Looking Back at: Heavy Rain
2013 has been an excellent year for video games so far with plenty more anticipated titles on the way. However no matter how many great games come out in one year I find myself coming back to certain games long after they’re released. These aren’t necessarily games that I feel everyone should play, but something about them stays with me long after playing them; that merits at least a discussion from me. This week, I’m going to look back on one of my favourite games from 2010, Quantic Dream’s PS3 exclusive, Heavy Rain.
It’s rare to see a big-budget game that pushes any sort of boundaries, but Heavy Rain is a Triple A title that walks the line between being a movie and being a game. For starters the gameplay is practically nonexistent; almost all of it taking the form of quick time events. The QTEs themselves are cleverly designed to correspond with what the characters are doing thus actually conveying a sense of control as opposed to random button presses. Unlike QTEs from other games, including Quantic Dream’s previous game Indigo Prophecy (or Fahrenheit for you Europeans), the player is not required to pass them for the game to continue. Failing a button press will result in a slightly different outcome and failing an entire sequence can have severe consequences. The story always moves forward until you reach the end and there’s a consequence for every action. It’s more of an interactive movie than a game, albeit the best of its kind.
The story follows a character named Ethan Mars, a man who tragically loses one of his two sons in the game’s prologue. Two years later, Ethan’s wife has left him and his relationship with his other son, Shaun, is distant at best. Things get even worse when Shaun gets kidnapped by the Origami killer, a serial murderer who drowns children and leaves an Origami figure in their hand. In order to save Shaun, Ethan must go through several trials that test both his physical and mental strength. These trials are easily the best part of the game, with the highlight being the lizard trial in which the player has to force Ethan to cut off one of his fingers. This one particular scene is a triumph in every aspect of game design and is one of the many moments worth the price of purchase.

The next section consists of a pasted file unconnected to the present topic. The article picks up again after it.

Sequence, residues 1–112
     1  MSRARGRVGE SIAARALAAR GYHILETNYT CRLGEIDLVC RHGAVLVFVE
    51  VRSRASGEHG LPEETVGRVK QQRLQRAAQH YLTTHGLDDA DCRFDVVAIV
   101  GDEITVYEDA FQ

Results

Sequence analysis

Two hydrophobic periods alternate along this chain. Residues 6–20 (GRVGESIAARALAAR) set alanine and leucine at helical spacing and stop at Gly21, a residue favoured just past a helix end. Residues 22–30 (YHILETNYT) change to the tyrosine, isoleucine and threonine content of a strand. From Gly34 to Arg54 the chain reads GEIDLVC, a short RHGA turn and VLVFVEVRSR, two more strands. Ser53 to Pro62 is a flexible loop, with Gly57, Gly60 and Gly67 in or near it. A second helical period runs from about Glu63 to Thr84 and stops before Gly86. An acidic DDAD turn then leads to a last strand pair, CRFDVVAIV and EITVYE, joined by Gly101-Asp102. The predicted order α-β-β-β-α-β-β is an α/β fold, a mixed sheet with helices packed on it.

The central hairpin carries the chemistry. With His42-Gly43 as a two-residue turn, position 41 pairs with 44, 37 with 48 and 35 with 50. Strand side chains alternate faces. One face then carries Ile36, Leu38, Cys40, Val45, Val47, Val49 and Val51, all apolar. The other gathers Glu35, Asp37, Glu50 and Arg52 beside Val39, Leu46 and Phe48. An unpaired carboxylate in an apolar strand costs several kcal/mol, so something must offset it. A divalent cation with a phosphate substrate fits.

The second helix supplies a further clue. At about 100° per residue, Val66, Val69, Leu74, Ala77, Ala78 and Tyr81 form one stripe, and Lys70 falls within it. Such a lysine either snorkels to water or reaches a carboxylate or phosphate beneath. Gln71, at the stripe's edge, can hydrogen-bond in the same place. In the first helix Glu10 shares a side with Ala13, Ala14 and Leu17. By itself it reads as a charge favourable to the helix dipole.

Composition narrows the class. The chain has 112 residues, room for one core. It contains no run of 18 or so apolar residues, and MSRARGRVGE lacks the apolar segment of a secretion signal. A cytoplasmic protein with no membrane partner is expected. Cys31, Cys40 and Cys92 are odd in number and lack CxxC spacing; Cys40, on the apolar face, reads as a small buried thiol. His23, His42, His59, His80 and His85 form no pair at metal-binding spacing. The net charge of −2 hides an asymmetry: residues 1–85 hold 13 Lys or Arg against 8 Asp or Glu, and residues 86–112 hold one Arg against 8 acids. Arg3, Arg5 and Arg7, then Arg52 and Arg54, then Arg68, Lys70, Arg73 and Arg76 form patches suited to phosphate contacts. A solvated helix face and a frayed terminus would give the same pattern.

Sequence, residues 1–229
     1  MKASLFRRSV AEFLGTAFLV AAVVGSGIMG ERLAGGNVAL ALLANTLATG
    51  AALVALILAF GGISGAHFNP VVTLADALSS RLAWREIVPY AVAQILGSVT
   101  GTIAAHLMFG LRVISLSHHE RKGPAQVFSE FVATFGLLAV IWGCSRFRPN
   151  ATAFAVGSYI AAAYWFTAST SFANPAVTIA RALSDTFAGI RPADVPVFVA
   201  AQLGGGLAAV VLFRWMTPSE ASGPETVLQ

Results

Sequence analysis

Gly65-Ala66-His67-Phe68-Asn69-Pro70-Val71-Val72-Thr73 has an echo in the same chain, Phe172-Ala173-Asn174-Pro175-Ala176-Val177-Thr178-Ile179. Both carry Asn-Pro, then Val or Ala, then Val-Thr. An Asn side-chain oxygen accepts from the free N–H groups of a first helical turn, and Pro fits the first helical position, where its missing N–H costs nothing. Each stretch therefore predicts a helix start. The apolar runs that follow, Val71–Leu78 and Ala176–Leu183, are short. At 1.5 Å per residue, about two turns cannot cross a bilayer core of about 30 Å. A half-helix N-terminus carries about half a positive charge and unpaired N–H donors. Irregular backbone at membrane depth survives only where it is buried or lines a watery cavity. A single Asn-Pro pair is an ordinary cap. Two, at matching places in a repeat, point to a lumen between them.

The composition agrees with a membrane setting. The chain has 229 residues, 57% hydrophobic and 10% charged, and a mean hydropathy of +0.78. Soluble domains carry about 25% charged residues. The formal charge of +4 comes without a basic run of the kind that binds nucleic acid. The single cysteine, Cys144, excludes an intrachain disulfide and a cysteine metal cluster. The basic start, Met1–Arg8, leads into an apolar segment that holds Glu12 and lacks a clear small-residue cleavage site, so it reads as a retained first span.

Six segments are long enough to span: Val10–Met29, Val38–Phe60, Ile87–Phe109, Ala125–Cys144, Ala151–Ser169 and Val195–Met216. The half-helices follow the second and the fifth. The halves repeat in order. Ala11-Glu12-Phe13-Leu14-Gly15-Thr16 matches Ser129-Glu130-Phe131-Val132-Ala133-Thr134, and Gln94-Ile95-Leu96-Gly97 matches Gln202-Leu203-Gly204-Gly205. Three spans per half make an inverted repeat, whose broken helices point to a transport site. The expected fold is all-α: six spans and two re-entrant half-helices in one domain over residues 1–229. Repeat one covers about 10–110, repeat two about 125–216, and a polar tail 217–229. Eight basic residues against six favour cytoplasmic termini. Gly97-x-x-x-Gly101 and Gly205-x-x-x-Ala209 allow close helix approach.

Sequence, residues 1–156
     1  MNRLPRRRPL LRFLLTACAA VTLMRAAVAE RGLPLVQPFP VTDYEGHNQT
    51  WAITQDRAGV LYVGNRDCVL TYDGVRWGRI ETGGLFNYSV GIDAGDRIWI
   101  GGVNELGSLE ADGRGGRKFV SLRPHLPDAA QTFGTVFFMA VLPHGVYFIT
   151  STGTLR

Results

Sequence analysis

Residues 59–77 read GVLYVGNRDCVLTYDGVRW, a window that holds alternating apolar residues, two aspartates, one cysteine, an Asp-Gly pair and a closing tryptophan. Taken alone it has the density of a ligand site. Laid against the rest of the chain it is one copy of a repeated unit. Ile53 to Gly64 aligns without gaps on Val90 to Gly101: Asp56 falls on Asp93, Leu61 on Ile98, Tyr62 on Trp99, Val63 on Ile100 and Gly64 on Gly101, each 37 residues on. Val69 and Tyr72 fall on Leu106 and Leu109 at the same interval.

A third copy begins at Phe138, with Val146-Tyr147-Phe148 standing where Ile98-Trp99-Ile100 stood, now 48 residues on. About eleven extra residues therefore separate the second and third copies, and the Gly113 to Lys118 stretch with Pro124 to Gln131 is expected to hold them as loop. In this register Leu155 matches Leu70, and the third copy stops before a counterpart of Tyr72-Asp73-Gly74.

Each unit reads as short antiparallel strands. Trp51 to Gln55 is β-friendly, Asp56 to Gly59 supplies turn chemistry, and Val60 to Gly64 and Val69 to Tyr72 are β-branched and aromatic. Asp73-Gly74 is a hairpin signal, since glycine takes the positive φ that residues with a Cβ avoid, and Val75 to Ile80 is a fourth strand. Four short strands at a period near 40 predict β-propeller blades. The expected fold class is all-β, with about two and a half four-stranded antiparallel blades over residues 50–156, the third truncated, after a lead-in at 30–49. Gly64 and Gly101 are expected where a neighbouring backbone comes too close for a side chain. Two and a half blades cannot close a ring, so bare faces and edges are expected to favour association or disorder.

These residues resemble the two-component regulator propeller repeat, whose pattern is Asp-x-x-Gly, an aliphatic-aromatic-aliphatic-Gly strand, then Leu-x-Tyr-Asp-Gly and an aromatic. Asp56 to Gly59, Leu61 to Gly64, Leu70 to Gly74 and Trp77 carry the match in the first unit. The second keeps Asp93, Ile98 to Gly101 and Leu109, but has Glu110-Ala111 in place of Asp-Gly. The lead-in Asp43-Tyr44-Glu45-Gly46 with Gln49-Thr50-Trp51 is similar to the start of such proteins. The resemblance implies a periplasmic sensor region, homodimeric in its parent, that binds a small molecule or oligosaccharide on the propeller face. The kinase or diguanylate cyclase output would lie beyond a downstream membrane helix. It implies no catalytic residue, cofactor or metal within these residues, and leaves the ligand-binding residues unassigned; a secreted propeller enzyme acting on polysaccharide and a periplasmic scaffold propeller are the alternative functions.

The player also takes control of three other characters. Norman Jayden, a FBI profiler with high-tech gadgets and an addiction to a drug called triptocaine, Madison Paige, a young journalist who is fighting her insomnia and Scott Shelby, a private investigator who is also on the killer’s trail. While Ethan, Scott and Jayden have very enjoyable segments, Madison as a character and a protagonist is weak. She contributes little to the story and could have been removed from the game completely and the plot would hardly suffer. Even worse is that she often ends up as a damsel in distress; the only saving grace being that she is able to escape these situations on her own. Madison spends the rest of the game nursing Ethan back to health, limiting her role to more of a support character than someone who actually drives the story forward. Luckily, the rest of the game more than makes up for this shortcoming with several plot twists and plenty of memorable moments.
The actually identity of the killer is build up as a big mystery, there are naturally a few red herrings but unfortunately they are very easy to detect. There’s a big twist towards the end of the game, and while it’s not poorly executed by any means the narrative is a bit manipulative in making sure that you’re not going to see it coming. The rest of the story has ups and downs but other than an optional sex scene which is completely out-of-place and a few minor plotholes, the story is relatively well done. There are several points where certain characters can die and if this occurs the story continues without them. Even when certain characters are removed from the story, the narrative remains cohesive and that itself is impressive. The big finale can play out multiple ways but it’s especially awesome when all four characters are present for it. The game features multiple endings, making encouraging multiple playthroughs.
While it’s not perfect, Heavy Rain has it where it counts but for me it’s how the game is able to juggle four narratives so well, switching between them to keep things fresh. I think what makes Heavy Rain so special for me is how much effort was put into it. Even the game fails it at least manages to entertain. It’s full of stupid moments but plenty of emotional ones as well. Heavy Rain didn’t make me cry like other games have, but it left me in awe.